It's Our Turn: Building a solid foundation
Never underestimate the power one choice can have on the direction of your life.
About 12 years ago, my wife and I made one of those decisions when we decided to homeschool our son.
At the time, we weren't really sure what to do, other than that we knew we wanted to avoid the public schools. We knew some other families who taught their children and we also considered a private school option. But we finally just took the plunge and decided to homeschool.
Just a couple of weeks ago, we celebrated my son's high school graduation. Other than the last year and a half — where he did a lot of college-level, dual-credit classes at the tech college — he was entirely homeschooled. Our daughter, who just finished 9th grade, is also entirely homeschooled.
Looking back, I think home education was the best decision that we could have ever made. Not only did we learn a lot and grow along with the kids, but they also received the best education they could get based on our values and their personalities and interests. Homeschooling has also allowed us to focus more on family, as well as giving us more freedom in planning our lives.
It's difficult to say with certainty how things would have been different for our children if they were not homeschooled. Because every child is different, you can't just compare how one child turned out to how another did.
However, one thing I can say with certainty is how being a homeschooler has affected me.
Being a teacher and having a reason to think about education has helped me see what education is and what it should be. It's also helped me to recognize what I missed in school.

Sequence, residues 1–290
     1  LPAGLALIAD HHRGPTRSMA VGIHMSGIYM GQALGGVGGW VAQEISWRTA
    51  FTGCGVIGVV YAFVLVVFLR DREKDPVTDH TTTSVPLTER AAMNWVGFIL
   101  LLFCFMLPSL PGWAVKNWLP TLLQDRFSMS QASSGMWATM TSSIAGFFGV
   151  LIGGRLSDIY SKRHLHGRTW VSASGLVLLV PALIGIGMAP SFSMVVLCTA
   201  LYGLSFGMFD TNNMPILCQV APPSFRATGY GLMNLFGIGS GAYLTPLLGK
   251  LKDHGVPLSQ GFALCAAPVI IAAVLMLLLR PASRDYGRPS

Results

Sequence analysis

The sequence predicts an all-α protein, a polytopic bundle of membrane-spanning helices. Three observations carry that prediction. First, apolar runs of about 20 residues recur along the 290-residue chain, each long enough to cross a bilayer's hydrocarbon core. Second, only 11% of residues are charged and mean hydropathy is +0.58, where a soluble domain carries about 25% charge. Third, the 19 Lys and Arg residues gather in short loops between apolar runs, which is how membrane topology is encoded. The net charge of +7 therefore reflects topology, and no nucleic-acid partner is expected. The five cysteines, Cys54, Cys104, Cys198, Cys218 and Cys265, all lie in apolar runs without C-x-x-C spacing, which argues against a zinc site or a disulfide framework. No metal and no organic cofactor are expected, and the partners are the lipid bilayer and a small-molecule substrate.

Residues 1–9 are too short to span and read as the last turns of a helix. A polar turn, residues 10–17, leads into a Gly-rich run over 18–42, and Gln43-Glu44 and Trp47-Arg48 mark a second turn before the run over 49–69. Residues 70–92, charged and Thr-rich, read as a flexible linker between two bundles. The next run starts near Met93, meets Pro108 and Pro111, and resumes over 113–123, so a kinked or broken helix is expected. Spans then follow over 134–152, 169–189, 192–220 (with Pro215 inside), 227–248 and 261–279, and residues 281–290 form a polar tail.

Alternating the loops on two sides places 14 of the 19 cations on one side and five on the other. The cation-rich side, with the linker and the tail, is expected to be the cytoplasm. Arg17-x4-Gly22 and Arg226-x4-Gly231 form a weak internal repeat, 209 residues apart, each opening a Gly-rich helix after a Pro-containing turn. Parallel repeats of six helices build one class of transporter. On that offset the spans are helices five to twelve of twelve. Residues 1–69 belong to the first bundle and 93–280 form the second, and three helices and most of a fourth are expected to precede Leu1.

When I was young, I hated school. I guess I had the standard American view of struggling through school so you could get on with the really important things in life.
Now I can see that formal education is only the foundation that should make life-long learning and a good life possible. Today's focus on technology and careers at the expense of literature, history, logic and writing, is a serious mistake. In addition to adding value to your whole life, a good liberal arts education, combined with learning how to write, speak and think well, will best prepare students for any career path and enable them to easily learn new skills when necessary.
I've also realized that if we really want to understand and be prepared for the world we live in, we need to look more to the past, not the future. Without a knowledge of history and the classic written works of Western Civilization, we are doomed to not only keep making the same mistakes, but also to make the error of thinking our problems are new and can only be solved with new ideas. History and tradition have a lot to teach us if we would only listen.
Because of the importance of history and carrying on "The Great Conversation" with authors from the past, I have decided that one of my life educational goals is to read and study the 54-volume "Great Books of the Western World" series. This collection, which takes up about 5 feet of space on my bookshelf, contains many of the time-tested classics of literature, science, mathematics and political thought from Homer and Plato to Sigmund Freud.
These were the ideas that most educated people knew and understood up until the last hundred years or so, when we decided that the new was more important than anything old and "outdated." These were the ideas that formed the foundations of Western Civilization and still are the basis of everything that we are today.
I can only imagine how different my life would be today if I had read these books in high school. But, then again, it's probably impossible to really understand and appreciate these treasures until you have some life experience and age behind you.
But the point is that we don't need to learn everything there is to learn in high school; we only need to construct a solid foundation. And with that foundation we can build in many different directions throughout our lives without fear of things falling down.
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"It's Our Turn" is a weekly column that rotates among members of the Echo Press editorial staff.